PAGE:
Murtha: They Didn't Stroke Me!
Is he worried about the war or the invites?
kf Essay Question: Rep. John Murtha is quoted in this week's Newsweek saying that if Bush II had invited him to the White House and let him air his views the way Bush I did, his high-profile call for rapid redeployment in Iraq could have been avoided.
"If they'd talked to me, it wouldn't have happened."
In 1995, Newt Gingrich publicly suggested he wouldn't have provoked a government shutdown if he hadn't been made to use the rear door of President Clinton's plane. Gingrich was widely denounced as a petty crybaby. How is what Murtha told Newsweek any different? Murtha says he thinks the nation is on a disastrous course in the Iraq War. Would he really not have spoken out if he'd been "talked to" and buttered up with access? (Murtha explicitly notes that Bush I didn't necessarily take the advice of his White House guests. He was just courteous enough to invite them and "listen to" them.")
Is Murtha a dissenter or just dissed? Discuss.
Update: Reader M. says I'm conflating "Gingrich's desire for status with Murtha's desire for input." But if the current President Bush had heard Murtha out, but then ignored him, would Murtha really have refrained from going public even though, in his view, " [t]he future of our country is at risk" and our soldiers are dying for a "flawed policy wrapped in illusion"? Refraining from dissent in order to maintain a possible future channel of "input" (an old Washington tradeoff) is different from getting bought off by mere trappings of status. But if the issue is war and peace it may not be a more moral choice. And the more the "input" in question involves ego-enhancing trappings (e.g. White House visits) and the charade of "access" rather than actual influence, the less moral it becomes, and the more it approaches the Gingrichian gold standard of pettiness. [I thought you were going to say, "in D.C., 'input' is status."--ed I was! But Murtha doesn't seem like the type who'd dine out on 'as I was telling the President' stories.] 3:19 A.M. link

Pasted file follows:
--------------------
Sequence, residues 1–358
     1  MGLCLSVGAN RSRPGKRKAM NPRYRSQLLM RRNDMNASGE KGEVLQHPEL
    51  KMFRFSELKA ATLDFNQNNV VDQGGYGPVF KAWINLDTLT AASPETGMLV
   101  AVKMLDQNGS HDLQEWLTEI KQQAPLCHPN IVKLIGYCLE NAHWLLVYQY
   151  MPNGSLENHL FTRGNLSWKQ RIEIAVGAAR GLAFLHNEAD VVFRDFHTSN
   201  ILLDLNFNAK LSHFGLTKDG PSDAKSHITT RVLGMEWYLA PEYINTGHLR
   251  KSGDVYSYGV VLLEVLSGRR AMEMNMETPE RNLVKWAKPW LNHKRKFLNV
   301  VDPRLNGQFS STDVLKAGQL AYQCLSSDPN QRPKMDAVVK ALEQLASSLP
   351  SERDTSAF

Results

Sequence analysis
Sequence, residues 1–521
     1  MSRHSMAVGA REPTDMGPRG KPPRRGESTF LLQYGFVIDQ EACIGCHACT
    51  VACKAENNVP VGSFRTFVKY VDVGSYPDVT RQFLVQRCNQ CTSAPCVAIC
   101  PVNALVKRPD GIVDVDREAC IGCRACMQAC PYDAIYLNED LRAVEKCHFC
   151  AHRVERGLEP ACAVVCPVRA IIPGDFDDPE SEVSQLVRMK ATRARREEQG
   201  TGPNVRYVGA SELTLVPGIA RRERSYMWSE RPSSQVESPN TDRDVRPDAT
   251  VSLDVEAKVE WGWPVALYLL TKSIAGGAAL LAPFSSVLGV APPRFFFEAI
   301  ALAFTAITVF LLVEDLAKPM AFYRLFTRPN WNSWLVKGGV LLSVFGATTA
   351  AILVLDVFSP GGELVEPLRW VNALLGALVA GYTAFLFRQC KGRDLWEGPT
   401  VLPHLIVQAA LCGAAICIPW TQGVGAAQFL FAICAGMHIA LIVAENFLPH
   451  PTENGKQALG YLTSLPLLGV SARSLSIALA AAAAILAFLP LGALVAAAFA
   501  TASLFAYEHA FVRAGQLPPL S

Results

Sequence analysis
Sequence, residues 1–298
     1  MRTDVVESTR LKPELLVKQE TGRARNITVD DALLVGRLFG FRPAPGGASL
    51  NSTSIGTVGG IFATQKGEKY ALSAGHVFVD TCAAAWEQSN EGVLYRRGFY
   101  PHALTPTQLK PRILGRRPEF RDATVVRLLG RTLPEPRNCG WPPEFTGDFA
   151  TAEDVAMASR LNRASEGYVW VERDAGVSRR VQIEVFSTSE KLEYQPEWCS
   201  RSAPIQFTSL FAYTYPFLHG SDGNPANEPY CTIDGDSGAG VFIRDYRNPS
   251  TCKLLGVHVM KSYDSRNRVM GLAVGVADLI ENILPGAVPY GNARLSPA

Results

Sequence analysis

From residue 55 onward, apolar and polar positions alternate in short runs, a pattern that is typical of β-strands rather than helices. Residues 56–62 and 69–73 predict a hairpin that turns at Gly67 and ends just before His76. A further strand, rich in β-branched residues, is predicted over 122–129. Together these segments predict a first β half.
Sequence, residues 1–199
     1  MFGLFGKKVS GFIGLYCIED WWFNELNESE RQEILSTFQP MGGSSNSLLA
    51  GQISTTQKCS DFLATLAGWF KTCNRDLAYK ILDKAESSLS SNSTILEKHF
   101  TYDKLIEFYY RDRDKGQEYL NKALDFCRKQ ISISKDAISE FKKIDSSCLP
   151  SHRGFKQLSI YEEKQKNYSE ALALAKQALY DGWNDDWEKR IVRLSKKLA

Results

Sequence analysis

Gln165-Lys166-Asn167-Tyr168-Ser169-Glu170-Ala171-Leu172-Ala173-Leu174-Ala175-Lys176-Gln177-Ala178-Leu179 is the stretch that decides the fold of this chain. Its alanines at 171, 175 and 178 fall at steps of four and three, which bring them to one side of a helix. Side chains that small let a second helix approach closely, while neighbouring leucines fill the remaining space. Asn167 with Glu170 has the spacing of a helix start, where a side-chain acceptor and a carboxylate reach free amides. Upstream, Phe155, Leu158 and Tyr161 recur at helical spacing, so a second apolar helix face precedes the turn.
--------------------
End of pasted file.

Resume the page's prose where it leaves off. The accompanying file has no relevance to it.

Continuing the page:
A Golden Future at NYT? Ken Auletta's piece is a marker that New York publishing CW is entertaining the notion that NYT publisher "Pinch" Sulzberger may go. The Gay Talese quote ("You get a bad king every once in a while") helps. The stock chart is brutal, though not as brutal as the Boston Herald. Still, New York publishing CW thought that Clinton was a goner in 1998 and that Bush was a goner in 2004. It's like the Note on drugs! A cool-headed outsider perspective suggests that at least one more anti-Pinch tidbit or scandal will be required for the Class B shareholders to end their family nightmare. Or at least start a new chapter. ...[Conflict: Auletta's wife is my agent too!] 6:00 P.M.
Stenchblog Update: I still find mystery-stench stories disturbing, even when the stench is sweet. Someone (a mindermast!) could be trying out a delivery mechanism. That's why it's not all that reassuring when, as on Thursday, "nothing dangerous" is found in the air. ... 9:57 P.M.
Guilt-Trip, Incoming! I'm highly skeptical that a movie about gay cowhands, however good, will find a large mainstream audience. I'll go see it, but I don't want to go see it. (Why? Sexual orientation really is in the genes. Sorry.) When the film's national box office fails to live up to its hype and to the record attendance at a few early screenings, prepare to be subjected to a tedious round of guilt-tripping and chin-scratching by Frank Rich and every metropolitan daily entertainment writer who yearns to write about What the Movies Say About America Today. (Wild guess: They say we're still homophobic!) That will be harder to ignore than the movie. ... Maybe if we all go see it, Rich won't write about it! [He'll write about it-ed Good point.] 9:15 P.M.
How Stuff Works: Sculpting the news! The printed graphic sidebar to the LAT's front-page, most e-mailed piece on the Bugatti Veyron supercar features this technical tidbit:
Photograph of Judith Miller on the Slate home page by Mark Wilson/Getty Images.